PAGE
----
Billy Haley and The Comet’s “Rock Around The Clock” is often touted as the first rock n’ roll tune. I won’t get sucked into that discussion for the time being, but whatever we want to call it, there’s this sense of youth culture — teenagers as a demographic — coming into bloom.
Future generations would harness the music of the contemporaneous adolescent culture to greater effect. In Richard Brook’s Blackboard Jungle, it feels a bit more one-note and generally unattached to the marketing and main message of the picture. They haven’t quite harnessed its power. Because like the gangster pictures of old — or even The Wild Ones and Rebel Without a Cause — this is meant to be another cautionary tale about delinquent youth. In its day, it was no doubt considered dangerous and indecent.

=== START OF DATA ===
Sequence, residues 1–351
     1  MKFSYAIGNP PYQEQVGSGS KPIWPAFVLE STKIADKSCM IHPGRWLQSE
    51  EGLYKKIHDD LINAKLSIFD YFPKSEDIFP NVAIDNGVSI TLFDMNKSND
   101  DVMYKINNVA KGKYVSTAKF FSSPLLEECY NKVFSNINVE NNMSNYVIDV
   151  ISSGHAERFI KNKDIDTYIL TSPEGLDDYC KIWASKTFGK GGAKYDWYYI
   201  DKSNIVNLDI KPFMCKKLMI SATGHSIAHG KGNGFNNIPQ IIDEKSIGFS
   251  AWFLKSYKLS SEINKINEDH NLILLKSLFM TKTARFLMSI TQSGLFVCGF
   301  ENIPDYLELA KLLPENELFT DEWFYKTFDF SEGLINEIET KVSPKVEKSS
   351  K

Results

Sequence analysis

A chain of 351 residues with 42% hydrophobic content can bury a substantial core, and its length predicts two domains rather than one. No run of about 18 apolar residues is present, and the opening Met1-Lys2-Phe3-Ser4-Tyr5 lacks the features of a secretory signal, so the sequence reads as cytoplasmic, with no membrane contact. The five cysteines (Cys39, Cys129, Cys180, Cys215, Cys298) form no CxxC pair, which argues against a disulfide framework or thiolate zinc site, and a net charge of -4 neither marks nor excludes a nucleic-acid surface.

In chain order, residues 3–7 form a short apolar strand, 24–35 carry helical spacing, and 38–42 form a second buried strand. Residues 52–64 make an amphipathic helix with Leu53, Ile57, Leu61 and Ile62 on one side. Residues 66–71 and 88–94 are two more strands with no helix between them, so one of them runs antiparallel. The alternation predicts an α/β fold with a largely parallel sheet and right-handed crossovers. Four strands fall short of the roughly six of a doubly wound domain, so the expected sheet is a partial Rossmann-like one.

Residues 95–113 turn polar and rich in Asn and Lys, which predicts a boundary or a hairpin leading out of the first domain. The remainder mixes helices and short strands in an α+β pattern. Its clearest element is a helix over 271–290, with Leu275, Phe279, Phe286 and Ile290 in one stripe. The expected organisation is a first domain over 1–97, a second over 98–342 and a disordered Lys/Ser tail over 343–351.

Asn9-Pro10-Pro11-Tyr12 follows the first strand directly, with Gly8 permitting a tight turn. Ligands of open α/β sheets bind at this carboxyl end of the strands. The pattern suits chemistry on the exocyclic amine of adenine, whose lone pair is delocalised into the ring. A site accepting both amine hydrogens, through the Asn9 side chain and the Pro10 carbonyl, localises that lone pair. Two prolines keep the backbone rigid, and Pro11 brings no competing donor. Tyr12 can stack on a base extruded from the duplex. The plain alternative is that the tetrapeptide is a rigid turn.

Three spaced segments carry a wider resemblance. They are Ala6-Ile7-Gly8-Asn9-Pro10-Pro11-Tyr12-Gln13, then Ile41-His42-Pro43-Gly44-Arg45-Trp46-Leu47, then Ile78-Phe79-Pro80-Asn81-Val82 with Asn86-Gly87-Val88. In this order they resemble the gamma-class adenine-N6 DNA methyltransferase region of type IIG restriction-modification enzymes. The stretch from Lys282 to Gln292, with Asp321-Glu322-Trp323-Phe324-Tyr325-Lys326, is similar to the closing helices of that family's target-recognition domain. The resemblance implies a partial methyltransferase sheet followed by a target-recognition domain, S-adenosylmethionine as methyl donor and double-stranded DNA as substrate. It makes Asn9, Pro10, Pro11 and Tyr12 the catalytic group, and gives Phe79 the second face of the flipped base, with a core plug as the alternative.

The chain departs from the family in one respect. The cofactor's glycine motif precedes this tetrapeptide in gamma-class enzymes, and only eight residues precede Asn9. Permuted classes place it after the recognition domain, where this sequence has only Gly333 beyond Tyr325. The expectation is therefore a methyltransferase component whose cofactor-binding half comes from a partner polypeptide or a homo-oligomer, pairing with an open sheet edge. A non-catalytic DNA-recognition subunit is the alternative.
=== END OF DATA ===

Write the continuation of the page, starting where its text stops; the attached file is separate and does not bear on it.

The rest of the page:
There’s some of that, but an honest assessment would acknowledge how tame most of it feels now. It’s the 50s take on the teenager problem through the eyes of a Hollywood still neutered by the production codes. However, that’s not to say there is nothing to be relished about the movie or gleaned from the depiction of cultural anxieties.
I’ll let you be the judge of whether or not Glenn Ford does an adequate job at playing a teacher. It’s certainly not a western and although there are tinges of an urban jungle, it’s not quite your prototypical city noir. To his credit, in spite of his usual intensity, his scenes with Anne Francis, in particular, do reveal a certain sensitivity. He uses his brawn on a number of occasions; he has a foot in that world, and yet there’s some sense he is a gentleman and an aspiring family man.
Still, his life as a new recruit to North Manual Trades High School feels a bit like baptism by fire. Despite its gruff and no-nonsense administrators as represented by such ready veterans as John Hoyt and Emile Meyer, there’s no question the all-boys, multiethnic melting pot of a school has a major discipline problem.